On his own website, MarkHunt.tv, Hunt stated he wouldn’t fight Alistair Overeem in the Octagon unless UFC gave him special clauses to protect him in the event Overeem was caught cheating. He stated: “My clause will protect me in this instance and take the financial gain of the opponent of caught cheating. That deterrent will protect me and other fighters. I’m pushing for this clause, I want to fight and I am ready. If the fight doesn’t go ahead it’s not my doing. I will not fight without this clause. I’ve already fought 3 dopers in a row and I’m not going to fight again without security. All I want is a fair go and an even playing field.”
First of all, no commission or Alistair Overeem would agree to hand over his entire show purse for such a thing. My understanding is the commissions withhold entire fight purses in combat sports is on the basis of some type of foul play. In 1997, The LA Times reported that then Nevada Governor Bob Miller signed a bill that would allow the state of Nevada to fine a fighter his full purse to engage in any activity resembling the infamous incident where Mike Tyson bit Evander Holyfield’s hear off in their bout on June 28, 1997. That bout saw Tyson receive a $3 million fine, which was 10 percent of his $30 million purse. Holyfield also had his boxing license revoked as a result of the madness. So, the only way Overeem would get his whole purse taken away is by doing something such as that. Even then, it would probably not be awarded to Hunt. Hunt was demanding he get all of Brock Lesnar’s purse after the drug test news came out (see below).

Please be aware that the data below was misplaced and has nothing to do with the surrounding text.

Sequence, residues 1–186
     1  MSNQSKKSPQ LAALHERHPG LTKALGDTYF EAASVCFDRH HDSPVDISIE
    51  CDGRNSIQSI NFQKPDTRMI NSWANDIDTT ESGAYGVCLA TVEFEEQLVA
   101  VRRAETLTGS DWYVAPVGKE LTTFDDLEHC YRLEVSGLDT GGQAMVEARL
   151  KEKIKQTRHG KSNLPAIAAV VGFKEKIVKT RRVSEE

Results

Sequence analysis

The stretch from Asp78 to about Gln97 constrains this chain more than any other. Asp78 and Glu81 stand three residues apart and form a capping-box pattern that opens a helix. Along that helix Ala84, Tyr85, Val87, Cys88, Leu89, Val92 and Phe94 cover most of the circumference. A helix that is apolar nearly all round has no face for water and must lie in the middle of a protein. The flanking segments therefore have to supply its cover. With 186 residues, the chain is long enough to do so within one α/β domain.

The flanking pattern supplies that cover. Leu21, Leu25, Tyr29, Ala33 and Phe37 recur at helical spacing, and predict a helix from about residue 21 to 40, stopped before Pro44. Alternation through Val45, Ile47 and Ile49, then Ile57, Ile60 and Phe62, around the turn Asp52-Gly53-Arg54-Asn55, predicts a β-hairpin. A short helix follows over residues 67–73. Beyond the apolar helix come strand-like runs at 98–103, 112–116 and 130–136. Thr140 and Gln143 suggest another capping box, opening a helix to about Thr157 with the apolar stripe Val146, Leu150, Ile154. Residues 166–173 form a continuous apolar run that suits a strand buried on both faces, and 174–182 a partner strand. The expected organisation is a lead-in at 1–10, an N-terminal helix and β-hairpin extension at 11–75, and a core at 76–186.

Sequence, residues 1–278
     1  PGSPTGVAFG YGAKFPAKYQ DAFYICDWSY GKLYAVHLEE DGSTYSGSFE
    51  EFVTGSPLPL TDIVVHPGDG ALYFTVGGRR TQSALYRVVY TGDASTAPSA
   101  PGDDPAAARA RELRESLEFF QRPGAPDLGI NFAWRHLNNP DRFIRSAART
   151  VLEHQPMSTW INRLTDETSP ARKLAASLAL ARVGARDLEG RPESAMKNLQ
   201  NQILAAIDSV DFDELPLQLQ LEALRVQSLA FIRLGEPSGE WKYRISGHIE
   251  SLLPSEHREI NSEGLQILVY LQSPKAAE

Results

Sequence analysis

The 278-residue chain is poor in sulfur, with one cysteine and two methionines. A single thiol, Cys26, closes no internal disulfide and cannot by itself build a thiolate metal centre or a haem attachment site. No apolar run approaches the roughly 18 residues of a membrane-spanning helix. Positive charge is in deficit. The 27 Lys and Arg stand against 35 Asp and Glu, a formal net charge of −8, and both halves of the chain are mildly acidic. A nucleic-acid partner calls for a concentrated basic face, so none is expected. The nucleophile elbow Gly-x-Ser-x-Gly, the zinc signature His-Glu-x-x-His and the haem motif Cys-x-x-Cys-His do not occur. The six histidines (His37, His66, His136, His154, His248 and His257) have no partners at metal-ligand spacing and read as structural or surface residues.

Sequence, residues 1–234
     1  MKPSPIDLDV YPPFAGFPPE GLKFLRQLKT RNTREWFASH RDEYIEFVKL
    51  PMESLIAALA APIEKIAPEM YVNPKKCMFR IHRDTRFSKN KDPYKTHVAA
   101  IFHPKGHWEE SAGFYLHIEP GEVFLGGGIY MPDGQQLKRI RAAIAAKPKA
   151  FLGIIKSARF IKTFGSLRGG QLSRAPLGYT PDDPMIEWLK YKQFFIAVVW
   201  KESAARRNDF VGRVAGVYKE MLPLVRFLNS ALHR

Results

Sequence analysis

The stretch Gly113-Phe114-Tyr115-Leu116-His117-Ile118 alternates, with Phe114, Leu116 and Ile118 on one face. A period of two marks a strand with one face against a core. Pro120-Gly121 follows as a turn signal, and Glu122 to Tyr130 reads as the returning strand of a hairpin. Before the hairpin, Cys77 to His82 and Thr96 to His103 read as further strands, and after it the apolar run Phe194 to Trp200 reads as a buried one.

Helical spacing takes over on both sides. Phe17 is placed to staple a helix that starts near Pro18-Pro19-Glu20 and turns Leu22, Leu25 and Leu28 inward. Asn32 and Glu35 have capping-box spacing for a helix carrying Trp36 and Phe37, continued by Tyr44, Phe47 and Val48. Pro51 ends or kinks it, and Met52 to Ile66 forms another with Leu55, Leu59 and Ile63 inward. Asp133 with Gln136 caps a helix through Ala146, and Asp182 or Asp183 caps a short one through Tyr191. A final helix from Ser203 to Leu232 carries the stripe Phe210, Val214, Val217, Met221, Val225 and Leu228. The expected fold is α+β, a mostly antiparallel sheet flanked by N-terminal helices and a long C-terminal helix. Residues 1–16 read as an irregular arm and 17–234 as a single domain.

Well I wanted half but have changed my mind cheaters shouldn't get shit I want all of it cheaters don't deserve shit #cheatersdeservenada